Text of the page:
The next thing landing in Israel may not be a flight from New York; it may be a new building designed by a famous architect. Calatrava designed the Chords bridge, the symbol of Jerusalem’s new light rail system; Richard Meier is designing a luxury residential tower in Tel Aviv, Preston Scott Cohen’s extension to the Tel Aviv Museum of Art recently opened, and Herzog & de Meuron has been selected to design Israel’s new National Library. SANAA, Pawson and Fuksas also have projects there. Indeed, the built environment in Israel is rapidly changing and starchitecture is everywhere. Some fear it may be Israel’s undoing by eroding local character whilst also being an indictment of local architects, who include among them many promising up-and-coming practices and third generation architects who are ‘local stars’ and ripe for the world stage.
The dispute is about globalization and turf wars and there appears to be no end in sight. One only needs to read the local newspapers like the Haaretz or The Jerusalem Post to see that this is an active and ongoing debate. Many of the new projects in Israel clearly show that those who procure architects for new buildings there - the city officials, the developers and the investors - are at odds with the local architecture community as to what is best for the country’s architectural future - whether going global or cultivating local talent is the answer. One thing is for sure: Nearly every new project in the state, built, underway, or recently awarded, is contested.
The recent expansion of The Israel Museum is an example of project that balances the aspirations of global and local architecture. In 2010, the Museum held a competition to expand its facilities, a 20 acre campus designed by Al Mansfeld in 1965 comprised of intimately scaled modular form-cast concrete structures set on a hilltop. The American architect James Freed of Pei Cobb and Freed & Partners was selected for the project and later dismissed for what was deemed a ‘monumental’ expansion on a ‘Herodian scale’. The Museum’s director, James Synder justified Freed’s selection on the grounds that the Museum is a ‘national treasure that belongs on the world stage’ thus making the case for tapping global architects for the job.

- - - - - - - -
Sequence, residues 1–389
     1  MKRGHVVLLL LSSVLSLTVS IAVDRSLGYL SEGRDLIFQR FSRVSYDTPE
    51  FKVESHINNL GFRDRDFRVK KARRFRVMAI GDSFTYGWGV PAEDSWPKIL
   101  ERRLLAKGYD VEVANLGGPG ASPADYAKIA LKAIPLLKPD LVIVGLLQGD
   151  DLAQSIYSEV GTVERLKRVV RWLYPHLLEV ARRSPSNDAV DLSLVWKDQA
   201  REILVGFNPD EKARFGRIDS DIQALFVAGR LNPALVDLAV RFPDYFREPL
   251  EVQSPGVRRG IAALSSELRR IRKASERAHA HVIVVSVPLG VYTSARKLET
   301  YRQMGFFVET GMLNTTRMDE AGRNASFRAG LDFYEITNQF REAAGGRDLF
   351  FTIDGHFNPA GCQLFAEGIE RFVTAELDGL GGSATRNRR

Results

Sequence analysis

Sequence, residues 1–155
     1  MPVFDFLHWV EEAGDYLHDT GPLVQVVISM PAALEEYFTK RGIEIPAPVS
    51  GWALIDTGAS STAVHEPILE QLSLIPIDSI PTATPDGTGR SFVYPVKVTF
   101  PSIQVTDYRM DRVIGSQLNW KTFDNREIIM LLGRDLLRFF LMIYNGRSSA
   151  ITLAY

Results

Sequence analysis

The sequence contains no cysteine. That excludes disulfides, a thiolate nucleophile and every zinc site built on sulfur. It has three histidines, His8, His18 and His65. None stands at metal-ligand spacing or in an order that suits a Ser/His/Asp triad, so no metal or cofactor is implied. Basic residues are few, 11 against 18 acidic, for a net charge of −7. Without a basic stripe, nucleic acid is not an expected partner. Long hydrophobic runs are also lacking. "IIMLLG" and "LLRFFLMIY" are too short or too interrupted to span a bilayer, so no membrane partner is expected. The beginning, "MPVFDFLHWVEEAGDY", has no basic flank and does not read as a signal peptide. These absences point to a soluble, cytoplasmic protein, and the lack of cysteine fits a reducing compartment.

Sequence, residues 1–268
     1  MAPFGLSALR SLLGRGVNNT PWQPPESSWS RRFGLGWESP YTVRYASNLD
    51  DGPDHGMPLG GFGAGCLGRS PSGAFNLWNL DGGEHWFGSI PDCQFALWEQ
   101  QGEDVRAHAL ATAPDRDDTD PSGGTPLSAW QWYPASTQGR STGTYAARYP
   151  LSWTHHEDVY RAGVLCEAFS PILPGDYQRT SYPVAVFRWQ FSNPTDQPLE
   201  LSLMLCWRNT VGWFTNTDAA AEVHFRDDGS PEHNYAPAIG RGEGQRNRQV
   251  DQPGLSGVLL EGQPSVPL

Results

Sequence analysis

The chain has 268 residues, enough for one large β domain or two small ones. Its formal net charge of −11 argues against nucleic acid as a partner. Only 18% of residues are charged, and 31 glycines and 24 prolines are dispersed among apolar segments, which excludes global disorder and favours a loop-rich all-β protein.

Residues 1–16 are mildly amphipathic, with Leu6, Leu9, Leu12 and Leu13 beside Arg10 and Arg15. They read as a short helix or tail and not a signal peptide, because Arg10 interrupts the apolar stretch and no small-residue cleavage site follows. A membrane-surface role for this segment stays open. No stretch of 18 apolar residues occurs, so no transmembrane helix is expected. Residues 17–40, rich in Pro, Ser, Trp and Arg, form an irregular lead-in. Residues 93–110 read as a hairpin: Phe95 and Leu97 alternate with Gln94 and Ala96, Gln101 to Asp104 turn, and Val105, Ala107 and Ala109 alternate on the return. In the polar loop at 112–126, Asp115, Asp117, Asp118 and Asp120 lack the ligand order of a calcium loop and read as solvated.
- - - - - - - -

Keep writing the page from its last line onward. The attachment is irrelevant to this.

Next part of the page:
The local architects association protested Freed’s design and he was replaced with the team of the American firm James Carpenter Associates and local architect Efrat-Kowalsky. Carpenter was responsible for the new glass entry pavilions and for reworking the museum’s campus whilst Efrat-Kowalsky Architects reworked the museum interior spaces, clarifying the circulation and restoring the exquisite proportions of its room. Carpenter was the bigger name that the museum was seeking while Efrat-Kowalsky did what Snyder called, ‘a magical re-engineering of the museum building.’ The expansion is contemporary yet sensitive and overall a great success.
The same cannot be said of the expansion of the Tel Aviv Museum of Art. Of recent work in Israel, it is one of the more controversial projects. Designed by the American and Harvard professor Preston Scott Cohen it is a work of the digital age that was not fully executed as envisioned and had its exuberance pulled back to satisfy the museum’s desire to have square and rectangular shaped galleries. The result is an exuberant form on the outside and one shining moment inside, the so called ‘lightfall’ a sculptural void or light well surrounded by a spiraling circulation ramp, which some have compared to the Guggenheim.
The addition is unapologetically self concerned and whilst indeed an architectural and engineering marvel of a ‘new machine age’ with its numerous poured-in-place concrete hyperbolic paraboloids, which are exquisitely executed, it is widely criticized by the locals for being a building that looks like it fell from space and has little to do with the museum’s function or its surroundings. The building was championed by its director who didn’t live to see it opened. Commenting on the museum in Architecture Record, reader Mark wrote: “A spectacular but awkward building, overly complex and self conscious. The art contained within is secondary to the intended architectural impact.